Environmental Ministry concerned that company’s expansion plans could increase air pollution in Haifa area, despite its promises to build environmentally-friendly buildings.
By Revital Hovel | Aug.16, 2012

A plan to expand Oil Refineries’ premises in Haifa four-fold has environmental organizations up in arms. The plan could increase air pollution in and around Haifa, they argue.

The company’s refining facilities and offices are located on a 200,000-square meter site. The plan would expand the site to 920,000 square meters.

Oil Refineries, known in Hebrew as Bazan, has committed to building environmentally-friendly buildings as it expands. However, there is no requirement to keep air pollution emission at the same level.

The Ministry of Environmental Protection and other environmental advocates have expressed concern about increased pollution in the Haifa area.

“The plan is problematic from our standpoint,” a ministry source said, “because the refineries are not prepared to commit to not increasing air pollution as a result of the planned expansion.” Regulations will require the company to secure air pollution emission permits from the ministry.

Oil Refineries said that until the master plan is approved, it will comply with the rules and in any case will need permits for construction at the complex. “It should be noted that the strict regulations imposed on Bazan relate to the perimeter of the plant, so in any event, [building] additional facilities would not violate or go beyond the required regulations,” the firm stated.

The company, which is controlled by the Israel Corporation, has committed to invest about $8 million to acquire thermal oxidizer equipment that is designed to reduce the emission of organic carcinogens in the air. But a senior Environment Protection Ministry official said that the company was supposed to have installed three such devices a long time ago but has not kept to the installation schedule.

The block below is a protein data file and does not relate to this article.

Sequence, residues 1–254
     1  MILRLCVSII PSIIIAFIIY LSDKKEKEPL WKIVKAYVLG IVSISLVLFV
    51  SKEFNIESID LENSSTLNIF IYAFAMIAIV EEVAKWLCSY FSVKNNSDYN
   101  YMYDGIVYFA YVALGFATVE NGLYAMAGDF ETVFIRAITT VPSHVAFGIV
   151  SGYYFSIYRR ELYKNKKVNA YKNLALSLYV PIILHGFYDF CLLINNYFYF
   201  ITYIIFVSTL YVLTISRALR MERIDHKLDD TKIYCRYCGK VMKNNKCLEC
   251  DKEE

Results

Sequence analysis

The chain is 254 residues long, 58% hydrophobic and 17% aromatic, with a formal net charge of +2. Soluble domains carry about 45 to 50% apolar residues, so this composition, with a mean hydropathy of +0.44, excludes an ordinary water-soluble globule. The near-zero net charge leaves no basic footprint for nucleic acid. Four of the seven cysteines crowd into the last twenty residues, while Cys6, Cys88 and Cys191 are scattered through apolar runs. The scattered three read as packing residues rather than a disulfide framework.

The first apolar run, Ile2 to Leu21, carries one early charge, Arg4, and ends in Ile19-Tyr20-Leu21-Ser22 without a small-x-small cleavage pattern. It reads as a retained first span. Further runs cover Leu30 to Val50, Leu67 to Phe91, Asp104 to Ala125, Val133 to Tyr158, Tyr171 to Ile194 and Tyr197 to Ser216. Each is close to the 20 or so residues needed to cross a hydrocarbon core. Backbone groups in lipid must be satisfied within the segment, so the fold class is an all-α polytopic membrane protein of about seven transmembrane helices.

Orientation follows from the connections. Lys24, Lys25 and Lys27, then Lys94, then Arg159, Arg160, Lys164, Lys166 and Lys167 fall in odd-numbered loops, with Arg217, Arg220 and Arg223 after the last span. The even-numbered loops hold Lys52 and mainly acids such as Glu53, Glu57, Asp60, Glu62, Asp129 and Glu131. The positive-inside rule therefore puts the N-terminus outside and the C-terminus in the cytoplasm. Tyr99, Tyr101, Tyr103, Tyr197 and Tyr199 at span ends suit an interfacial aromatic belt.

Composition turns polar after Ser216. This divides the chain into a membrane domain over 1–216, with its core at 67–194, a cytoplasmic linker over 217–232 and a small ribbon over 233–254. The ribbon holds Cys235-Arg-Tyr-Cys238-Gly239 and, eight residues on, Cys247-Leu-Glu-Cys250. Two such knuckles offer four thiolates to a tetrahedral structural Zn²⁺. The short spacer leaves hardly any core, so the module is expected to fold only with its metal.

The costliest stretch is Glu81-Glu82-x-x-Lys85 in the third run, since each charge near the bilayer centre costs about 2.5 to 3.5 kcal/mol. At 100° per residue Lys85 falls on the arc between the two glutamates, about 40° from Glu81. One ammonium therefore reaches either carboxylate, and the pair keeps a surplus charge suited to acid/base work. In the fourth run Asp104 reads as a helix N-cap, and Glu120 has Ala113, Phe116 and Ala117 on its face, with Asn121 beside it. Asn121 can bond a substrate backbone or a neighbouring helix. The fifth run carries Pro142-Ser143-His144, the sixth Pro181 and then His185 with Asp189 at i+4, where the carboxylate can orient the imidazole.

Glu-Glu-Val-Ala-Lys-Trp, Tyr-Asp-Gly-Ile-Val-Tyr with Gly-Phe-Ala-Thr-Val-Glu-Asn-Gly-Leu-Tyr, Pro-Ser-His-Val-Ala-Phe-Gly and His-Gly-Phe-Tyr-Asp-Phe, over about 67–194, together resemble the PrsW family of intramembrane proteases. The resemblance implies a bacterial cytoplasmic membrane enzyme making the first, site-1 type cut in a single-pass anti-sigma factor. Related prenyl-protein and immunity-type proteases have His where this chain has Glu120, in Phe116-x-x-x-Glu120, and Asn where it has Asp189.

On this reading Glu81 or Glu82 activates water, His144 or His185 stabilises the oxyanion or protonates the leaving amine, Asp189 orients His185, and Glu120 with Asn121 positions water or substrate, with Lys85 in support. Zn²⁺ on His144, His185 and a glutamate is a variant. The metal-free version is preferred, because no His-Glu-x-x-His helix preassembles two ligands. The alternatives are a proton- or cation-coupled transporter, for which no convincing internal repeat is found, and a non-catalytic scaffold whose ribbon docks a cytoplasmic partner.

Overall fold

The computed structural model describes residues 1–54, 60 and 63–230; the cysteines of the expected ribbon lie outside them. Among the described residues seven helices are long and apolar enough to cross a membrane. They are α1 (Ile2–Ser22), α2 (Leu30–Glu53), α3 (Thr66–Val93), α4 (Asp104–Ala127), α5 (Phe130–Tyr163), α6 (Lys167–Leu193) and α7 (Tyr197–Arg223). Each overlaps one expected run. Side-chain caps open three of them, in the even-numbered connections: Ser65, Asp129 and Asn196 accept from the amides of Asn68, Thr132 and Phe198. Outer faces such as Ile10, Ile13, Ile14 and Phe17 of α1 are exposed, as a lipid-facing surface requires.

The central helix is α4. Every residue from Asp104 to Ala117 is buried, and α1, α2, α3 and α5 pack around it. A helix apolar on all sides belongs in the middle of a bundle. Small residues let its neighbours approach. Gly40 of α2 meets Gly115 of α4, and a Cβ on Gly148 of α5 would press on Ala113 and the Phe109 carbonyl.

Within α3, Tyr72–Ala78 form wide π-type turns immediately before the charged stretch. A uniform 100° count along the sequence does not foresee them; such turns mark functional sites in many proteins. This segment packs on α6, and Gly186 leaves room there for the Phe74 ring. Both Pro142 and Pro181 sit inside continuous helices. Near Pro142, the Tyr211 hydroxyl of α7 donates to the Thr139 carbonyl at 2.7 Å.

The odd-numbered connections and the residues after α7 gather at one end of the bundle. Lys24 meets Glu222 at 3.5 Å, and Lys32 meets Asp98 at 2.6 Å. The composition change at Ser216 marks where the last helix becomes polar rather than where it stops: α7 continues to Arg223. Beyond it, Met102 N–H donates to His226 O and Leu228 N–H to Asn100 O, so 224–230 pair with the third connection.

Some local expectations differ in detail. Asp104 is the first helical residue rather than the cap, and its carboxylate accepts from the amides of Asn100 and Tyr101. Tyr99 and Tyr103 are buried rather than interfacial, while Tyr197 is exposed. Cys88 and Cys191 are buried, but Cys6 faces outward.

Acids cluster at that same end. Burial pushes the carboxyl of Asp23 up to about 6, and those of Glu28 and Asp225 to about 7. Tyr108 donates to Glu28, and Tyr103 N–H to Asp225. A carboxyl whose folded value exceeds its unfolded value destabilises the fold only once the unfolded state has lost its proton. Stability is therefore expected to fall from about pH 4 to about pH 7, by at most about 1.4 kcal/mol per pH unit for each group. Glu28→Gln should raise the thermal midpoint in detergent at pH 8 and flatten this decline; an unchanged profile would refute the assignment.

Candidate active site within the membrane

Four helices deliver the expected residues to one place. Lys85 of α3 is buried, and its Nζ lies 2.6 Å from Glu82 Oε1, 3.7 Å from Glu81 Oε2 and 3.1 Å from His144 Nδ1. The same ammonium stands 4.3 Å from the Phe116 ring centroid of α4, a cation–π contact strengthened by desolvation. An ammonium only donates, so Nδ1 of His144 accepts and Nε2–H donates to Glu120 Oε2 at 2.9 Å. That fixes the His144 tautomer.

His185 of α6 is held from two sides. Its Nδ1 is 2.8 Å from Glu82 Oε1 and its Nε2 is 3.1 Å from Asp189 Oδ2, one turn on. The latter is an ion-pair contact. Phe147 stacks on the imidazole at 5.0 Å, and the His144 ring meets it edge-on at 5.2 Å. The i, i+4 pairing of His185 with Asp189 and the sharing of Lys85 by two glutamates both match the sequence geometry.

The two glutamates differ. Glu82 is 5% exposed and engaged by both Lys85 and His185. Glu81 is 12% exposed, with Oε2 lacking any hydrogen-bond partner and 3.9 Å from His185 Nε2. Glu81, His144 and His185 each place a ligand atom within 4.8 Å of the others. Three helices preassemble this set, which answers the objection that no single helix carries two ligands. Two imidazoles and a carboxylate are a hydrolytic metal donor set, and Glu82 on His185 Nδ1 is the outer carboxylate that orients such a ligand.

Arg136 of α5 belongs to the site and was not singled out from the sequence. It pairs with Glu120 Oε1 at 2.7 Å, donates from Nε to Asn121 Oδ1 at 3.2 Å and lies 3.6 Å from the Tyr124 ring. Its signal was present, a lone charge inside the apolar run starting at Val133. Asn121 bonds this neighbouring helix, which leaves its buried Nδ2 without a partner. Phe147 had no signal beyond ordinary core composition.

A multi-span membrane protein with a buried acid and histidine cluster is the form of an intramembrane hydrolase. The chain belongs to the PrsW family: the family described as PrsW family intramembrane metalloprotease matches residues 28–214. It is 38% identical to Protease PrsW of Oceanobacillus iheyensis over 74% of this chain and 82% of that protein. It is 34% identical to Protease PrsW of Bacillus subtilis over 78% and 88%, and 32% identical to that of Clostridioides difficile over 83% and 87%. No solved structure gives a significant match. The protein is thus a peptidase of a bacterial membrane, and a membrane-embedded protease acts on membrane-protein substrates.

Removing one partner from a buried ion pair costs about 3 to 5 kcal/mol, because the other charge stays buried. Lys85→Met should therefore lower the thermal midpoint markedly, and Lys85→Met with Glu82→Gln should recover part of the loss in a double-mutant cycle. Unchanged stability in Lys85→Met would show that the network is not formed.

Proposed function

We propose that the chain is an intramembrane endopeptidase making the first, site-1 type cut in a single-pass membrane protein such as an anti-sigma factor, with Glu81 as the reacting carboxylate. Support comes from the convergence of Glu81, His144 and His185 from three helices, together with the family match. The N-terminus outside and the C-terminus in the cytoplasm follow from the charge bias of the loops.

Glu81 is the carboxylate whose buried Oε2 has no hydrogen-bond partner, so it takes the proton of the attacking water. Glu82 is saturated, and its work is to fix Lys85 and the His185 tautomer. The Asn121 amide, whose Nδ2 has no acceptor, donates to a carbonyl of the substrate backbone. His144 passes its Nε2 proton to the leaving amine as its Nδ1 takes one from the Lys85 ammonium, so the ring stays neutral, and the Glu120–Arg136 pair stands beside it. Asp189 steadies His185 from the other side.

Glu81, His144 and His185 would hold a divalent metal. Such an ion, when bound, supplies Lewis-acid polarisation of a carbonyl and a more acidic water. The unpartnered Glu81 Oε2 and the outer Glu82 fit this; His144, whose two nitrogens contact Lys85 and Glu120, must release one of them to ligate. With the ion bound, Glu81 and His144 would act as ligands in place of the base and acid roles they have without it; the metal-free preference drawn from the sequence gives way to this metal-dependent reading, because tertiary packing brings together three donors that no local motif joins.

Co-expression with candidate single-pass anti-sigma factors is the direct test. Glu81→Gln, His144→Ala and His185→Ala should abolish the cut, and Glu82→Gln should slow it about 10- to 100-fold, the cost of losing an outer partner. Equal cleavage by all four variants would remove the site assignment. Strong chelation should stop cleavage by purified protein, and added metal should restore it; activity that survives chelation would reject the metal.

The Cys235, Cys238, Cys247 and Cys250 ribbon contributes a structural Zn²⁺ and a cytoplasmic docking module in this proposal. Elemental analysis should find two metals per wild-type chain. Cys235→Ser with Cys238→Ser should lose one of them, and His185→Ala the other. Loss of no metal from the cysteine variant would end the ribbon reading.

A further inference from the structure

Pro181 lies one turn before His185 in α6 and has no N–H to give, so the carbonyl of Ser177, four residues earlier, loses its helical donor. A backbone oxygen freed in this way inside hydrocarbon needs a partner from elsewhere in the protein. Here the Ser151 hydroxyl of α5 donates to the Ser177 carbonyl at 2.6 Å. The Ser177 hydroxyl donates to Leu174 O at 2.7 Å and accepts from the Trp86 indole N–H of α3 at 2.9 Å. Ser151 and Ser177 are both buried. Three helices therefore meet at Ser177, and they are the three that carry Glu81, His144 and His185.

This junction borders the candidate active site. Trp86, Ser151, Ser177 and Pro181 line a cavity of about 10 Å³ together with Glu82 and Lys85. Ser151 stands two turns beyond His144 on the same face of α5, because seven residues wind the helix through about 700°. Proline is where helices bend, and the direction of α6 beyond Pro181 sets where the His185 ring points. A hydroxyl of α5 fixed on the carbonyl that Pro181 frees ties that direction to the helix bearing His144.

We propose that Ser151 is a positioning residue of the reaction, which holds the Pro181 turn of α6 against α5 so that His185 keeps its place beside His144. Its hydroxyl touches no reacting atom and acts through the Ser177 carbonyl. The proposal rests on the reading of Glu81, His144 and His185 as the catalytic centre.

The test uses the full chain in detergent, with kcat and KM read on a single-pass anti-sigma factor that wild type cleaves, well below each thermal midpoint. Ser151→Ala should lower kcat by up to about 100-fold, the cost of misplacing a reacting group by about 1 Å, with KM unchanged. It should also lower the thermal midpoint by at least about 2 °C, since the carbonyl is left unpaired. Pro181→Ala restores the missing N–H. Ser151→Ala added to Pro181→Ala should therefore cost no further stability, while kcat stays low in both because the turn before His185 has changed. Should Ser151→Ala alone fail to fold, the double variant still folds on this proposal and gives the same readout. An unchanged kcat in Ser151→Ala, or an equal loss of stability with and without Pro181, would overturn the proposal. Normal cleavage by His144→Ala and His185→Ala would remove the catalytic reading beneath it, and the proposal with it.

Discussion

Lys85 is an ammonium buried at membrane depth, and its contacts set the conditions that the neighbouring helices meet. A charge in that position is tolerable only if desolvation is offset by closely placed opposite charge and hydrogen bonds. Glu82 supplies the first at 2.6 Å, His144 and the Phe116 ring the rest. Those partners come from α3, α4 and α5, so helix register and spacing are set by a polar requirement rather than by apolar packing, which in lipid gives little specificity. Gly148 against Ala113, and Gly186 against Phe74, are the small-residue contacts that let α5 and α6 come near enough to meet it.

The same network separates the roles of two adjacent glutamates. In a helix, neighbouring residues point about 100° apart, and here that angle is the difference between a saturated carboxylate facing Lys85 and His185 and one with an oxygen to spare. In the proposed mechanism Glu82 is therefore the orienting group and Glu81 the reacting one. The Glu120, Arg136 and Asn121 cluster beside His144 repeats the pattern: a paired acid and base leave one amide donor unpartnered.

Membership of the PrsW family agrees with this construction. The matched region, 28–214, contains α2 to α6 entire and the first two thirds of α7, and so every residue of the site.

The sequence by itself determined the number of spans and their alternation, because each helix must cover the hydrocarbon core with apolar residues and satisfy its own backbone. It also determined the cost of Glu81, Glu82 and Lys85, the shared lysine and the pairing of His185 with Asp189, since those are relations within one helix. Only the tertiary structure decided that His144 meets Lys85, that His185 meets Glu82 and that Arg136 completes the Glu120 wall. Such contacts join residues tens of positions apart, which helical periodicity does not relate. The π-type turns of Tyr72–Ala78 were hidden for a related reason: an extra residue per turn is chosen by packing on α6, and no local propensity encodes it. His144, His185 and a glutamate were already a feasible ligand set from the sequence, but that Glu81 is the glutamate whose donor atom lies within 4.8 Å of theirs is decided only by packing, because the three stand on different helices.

The ministry source also objected to Oil Refineries’ suggestion that emission levels should be measured on the perimeter of the refinery rather than from the facility’s chimneys themselves.

Although the refinery complex was established in 1938, there has never been a city plan for that area of Haifa, and as a result, buildings were constructed without permits. Until 2005, the government essentially turned a blind eye to the entire area, in terms of planning and permits.

The proposed plan for the site, which is designed to guide development in the area for the next 20 years, was submitted by the regional planning committee in late July for a 60-day period of public comment, including objections and reservations.

Oil Refineries outlined the plan during a public meeting, but only a few dozen members of the public showed up. An environmental group, the Public Health Coalition, objected to the fact that appendices to the master plan, which survey the risks and environmental effects of the expanded facility, have not been posted on the Internet. The group’s air pollution coordinator, Maayan Haim, also said that the survey was based on out-of-date and partial data about the company’s fuel consumption.

Over the past several months, the Environmental Protection Ministry’s “Green Police” have opened an investigation against Oil Refineries over allegations of hundreds of instances in which emissions are said to have exceeded permitted levels. Allegations were also made that large quantities of sludge produced by oil refining had not been removed from the refinery site, despite the ministry’s expanding the deadline for removal several times.